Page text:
vpc_id = "${aws_vpc.nomad_vpc.id}"
  tags {
    Name = "nomad master"
  }
}

# Allow SSH to Nomad Masters from anywhere (sometimes bad idea in production)
resource "aws_security_group_rule" "nomad_ssh" {
  security_group_id = "${aws_security_group.nomad_master.id}"
  type = "ingress"
  protocol = "tcp"
  from_port = 22
  to_port = 22
  cidr_blocks = ["0.0.0.0/0"]
}

# Allow Nomad RPC calls to Masters from Cluster
resource "aws_security_group_rule" "nomad_rpc" {
  security_group_id = "${aws_security_group.nomad_master.id}"
  type = "ingress"
  from_port = 4647
  to_port = 4647
  protocol = "tcp"
  source_security_group_id = "${aws_security_group.nomad.id}"
}

# Allow Nomad SERF between Masters
resource "aws_security_group_rule" "nomad_serf" {
  security_group_id = "${aws_security_group.nomad_master.id}"
  type = "ingress"
  from_port = 4648
  to_port = 4648
  protocol = "tcp"
  source_security_group_id = "${aws_security_group.nomad_master.id}"
}

# Nomad Slave group
resource "aws_security_group" "nomad_slave" {
  name = "nomad-slave"
  description = "nomad slave sg"
  vpc_id = "${aws_vpc.nomad_vpc.id}"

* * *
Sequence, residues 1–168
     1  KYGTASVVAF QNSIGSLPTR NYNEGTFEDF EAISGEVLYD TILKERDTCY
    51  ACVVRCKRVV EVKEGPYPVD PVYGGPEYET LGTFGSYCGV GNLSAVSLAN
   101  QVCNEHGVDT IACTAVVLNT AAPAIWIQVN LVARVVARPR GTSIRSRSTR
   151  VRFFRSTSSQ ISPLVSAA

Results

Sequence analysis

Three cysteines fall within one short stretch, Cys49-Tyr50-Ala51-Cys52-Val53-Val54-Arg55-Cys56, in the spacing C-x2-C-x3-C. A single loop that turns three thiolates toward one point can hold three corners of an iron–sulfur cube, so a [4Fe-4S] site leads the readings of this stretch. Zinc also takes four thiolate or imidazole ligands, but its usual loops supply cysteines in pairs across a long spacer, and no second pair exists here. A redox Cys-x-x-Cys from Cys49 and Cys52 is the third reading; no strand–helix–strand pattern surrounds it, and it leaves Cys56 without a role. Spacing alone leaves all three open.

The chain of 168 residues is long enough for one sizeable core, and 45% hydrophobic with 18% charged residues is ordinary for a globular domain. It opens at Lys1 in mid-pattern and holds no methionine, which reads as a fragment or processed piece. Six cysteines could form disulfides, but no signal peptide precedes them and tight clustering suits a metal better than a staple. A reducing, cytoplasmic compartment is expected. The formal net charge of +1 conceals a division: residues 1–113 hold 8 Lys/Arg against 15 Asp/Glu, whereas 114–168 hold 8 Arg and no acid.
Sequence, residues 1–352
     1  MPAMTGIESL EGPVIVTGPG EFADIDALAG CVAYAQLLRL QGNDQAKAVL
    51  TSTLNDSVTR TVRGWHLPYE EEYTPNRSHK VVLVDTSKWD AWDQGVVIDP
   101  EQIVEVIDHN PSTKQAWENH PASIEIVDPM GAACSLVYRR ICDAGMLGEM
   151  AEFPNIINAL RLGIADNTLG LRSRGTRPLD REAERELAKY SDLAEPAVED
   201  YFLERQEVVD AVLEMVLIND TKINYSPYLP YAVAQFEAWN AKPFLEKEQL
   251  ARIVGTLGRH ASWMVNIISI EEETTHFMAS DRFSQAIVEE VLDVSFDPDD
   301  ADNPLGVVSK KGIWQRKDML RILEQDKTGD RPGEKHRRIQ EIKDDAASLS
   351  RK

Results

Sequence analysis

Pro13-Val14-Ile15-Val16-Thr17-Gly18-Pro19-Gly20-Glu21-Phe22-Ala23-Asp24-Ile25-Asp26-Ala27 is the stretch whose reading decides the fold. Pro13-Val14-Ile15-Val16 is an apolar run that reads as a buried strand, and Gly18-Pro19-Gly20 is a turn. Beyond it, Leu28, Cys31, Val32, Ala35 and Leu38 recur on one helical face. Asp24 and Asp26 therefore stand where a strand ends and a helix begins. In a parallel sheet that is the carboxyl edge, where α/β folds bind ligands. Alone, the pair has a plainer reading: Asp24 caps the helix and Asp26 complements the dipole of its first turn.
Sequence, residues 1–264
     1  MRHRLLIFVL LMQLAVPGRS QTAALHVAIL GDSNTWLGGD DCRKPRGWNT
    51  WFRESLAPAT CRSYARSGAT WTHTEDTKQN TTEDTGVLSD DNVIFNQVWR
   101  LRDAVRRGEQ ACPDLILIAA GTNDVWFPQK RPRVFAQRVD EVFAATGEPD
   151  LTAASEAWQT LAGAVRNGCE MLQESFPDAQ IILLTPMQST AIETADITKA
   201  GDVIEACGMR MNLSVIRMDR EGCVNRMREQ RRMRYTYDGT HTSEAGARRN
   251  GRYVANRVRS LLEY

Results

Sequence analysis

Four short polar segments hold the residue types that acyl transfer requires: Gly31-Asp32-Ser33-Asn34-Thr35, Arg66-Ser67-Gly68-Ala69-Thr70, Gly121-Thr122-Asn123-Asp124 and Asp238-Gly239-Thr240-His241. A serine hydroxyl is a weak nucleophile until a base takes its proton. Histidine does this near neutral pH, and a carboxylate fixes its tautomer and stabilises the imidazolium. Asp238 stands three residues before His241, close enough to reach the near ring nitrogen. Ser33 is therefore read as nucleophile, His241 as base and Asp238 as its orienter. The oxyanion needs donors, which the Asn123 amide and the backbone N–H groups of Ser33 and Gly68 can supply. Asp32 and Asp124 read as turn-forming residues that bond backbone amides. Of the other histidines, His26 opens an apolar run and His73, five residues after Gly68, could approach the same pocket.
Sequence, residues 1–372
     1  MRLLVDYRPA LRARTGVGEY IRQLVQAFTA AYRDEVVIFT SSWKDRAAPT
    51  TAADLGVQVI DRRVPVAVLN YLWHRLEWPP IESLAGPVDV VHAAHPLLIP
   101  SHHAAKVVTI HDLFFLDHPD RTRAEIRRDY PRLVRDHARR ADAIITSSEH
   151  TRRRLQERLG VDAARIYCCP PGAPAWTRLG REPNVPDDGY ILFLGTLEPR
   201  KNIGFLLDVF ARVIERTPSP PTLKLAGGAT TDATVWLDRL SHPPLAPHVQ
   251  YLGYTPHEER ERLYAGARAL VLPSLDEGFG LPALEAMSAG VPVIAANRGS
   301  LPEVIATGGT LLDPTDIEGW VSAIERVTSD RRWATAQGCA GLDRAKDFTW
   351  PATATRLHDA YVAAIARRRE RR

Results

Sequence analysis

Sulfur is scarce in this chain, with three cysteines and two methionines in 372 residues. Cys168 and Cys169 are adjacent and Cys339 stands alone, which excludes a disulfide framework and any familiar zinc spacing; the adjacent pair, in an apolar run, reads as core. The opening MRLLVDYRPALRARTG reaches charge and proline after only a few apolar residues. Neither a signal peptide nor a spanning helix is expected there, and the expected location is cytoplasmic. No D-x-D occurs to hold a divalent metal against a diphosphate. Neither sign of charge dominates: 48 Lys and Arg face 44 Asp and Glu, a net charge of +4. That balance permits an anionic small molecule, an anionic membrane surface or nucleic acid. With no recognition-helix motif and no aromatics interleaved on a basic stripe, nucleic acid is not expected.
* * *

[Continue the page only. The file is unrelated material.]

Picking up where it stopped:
tags {
    Name = "nomad slave"
  }
}

# Allow SSH access to Slaves from Masters (to help set them up)
resource "aws_security_group_rule" "nomad_ssh_slave" {
  security_group_id = "${aws_security_group.nomad_slave.id}"
  type = "ingress"
  protocol = "tcp"
  from_port = 22
  to_port = 22
  source_security_group_id = "${aws_security_group.nomad_master.id}"
}

Output

The quickest way to get information out of AWS is to setup Output blocks for Terraform.

# Elastic IPs assigned to Nomad Masters
output "master_ips" {
  value = "${join(",", aws_eip.ip.*.public_ip)}"
}

# Private IPs assigned to Nomad Master
output "master_private_ips" {
  value = "${join(",", aws_instance.nomad_master.*.private_ip)}"
}

# Private IPs assigned to Nomad Slaves
output "slave_ips" {
  value = "${join(",", aws_instance.nomad_slave.*.private_ip)}"
}

Apply

There you go! Combine all of these values into a single file and run terraform plan and terraform apply. All the AWS resources are created and you should be able to SSH into a master and set it up!